Many of us are advocates for LGBTQ equality. We advocate for rainbow families to be welcomed on both sides of the church doors. We counter the rhetoric that treats queer folks and other minoritized groups as second-class citizens with messages that we are all equally blessed. Yet, we are often silent as the number of trans people murdered, specifically trans people of color, increases every year. We may go from pride parades and proclamations of “Yassss” to ignoring the needs of queer youth who experience higher rates of homelessness and suicide. We can be quick to label ourselves as allies and yet refuse to add our names to petitions calling on full legal and lived equality of LGBTQ individuals and groups. We are tempted to hosannah-ize our brothers and sisters without seeing the full call to humanize them. We, too, can be fickle and unjust welcomers.

I don’t mean to shame anyone with these reflections. I too struggle with being a fickle welcomer and with truly incarnating solidarity with those who are minoritized and otherized. I can hosannah with the best of them while also avoiding the blood, sweat, and tears of being a just welcomer in the trenches. It is easy to be an ally who constantly critiques others for not living out and living into our abstract ideals, and yet to fall short of actually enfleshing those ideals in our every day. I invite and challenge all of us to use this Lenten season not to bash ourselves but to check ourselves—are we so zealous to hosannah-ize that we forget that ultimately we must humanize our othered brothers and sisters? My hope is to remind all of us that the hosannah of being just welcomers is messy and that it must be proclaimed with actions both big and small (as St. Francis reminds us, using words only when necessary). We welcome Jesus into Jerusalem by greeting and thanking the grocery store cashier for their work throughout this pandemic. We welcome Jesus into Jerusalem by sharing the wedding announcement of a gay couple while also sharing (and showing up if possible) the event information for a vigil honoring trans lives. We welcome Jesus into Jerusalem by adding a Facebook sticker or frame that calls for solidarity with immigrant communities while also writing a letter to our elected officials demanding for cities and states to become sanctuary communities. Welcoming with the full implications of hosannah is to live by, and live into, the words of Mother Teresa, “do ordinary things with extraordinary love.”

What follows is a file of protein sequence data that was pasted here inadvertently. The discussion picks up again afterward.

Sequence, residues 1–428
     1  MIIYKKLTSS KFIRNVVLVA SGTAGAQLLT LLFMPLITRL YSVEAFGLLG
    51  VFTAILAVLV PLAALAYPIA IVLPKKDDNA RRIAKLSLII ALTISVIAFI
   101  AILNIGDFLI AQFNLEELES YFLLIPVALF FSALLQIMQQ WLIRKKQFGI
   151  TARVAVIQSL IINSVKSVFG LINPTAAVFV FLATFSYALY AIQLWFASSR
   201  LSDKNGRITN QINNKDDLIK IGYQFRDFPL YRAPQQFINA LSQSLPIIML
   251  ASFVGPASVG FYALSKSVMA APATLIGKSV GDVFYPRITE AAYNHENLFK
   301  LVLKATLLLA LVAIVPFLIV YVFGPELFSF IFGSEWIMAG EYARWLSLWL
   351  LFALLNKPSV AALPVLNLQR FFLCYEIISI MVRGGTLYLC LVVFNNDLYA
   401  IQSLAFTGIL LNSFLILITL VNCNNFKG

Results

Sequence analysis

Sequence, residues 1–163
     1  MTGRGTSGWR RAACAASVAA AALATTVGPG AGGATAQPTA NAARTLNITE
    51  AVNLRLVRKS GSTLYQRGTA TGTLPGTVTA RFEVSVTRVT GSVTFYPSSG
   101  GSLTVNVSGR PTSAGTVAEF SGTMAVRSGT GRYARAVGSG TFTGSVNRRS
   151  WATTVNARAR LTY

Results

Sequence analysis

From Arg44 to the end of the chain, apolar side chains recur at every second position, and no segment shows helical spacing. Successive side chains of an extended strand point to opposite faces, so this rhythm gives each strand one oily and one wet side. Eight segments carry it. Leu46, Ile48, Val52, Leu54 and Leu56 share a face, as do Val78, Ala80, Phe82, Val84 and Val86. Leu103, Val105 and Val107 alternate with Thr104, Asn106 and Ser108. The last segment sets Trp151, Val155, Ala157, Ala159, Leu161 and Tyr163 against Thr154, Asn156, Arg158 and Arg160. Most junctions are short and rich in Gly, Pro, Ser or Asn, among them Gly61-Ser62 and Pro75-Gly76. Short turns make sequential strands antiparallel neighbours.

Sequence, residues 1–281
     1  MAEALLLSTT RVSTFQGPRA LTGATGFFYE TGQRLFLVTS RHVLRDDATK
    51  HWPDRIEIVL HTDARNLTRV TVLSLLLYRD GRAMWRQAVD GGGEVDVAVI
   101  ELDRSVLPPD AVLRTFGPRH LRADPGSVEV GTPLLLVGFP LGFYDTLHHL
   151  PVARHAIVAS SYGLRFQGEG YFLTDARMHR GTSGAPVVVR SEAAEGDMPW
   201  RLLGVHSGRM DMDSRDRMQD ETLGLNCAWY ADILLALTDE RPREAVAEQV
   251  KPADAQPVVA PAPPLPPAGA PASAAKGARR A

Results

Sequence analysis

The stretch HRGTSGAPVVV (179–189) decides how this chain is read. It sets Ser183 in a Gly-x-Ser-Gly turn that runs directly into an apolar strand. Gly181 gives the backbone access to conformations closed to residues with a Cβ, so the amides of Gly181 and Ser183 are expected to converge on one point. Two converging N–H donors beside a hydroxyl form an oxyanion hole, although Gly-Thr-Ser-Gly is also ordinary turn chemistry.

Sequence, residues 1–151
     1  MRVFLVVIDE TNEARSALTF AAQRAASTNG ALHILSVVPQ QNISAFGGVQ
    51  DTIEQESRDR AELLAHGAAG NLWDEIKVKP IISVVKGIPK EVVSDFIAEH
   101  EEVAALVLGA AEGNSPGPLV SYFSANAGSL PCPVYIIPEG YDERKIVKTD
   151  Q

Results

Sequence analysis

delfín is a native of Miami, FL, is of Cuban and Salvadoran heritage, and currently lives in Athens, OH with their beloved of 18 years.   A social worker and activist theologian, delfín is passionate about intersectional justice and resilience, especially around the experiences of queer people of color.  delfín is a past member of Dignity’s Young Adult Caucus and Trans Caucus and currently serves on the Vision Council for Call To Action.
mx. delfín w. bautista, they/them/elles or just delfín


Get Breath of the Spirit scripture reflections in your inbox every week.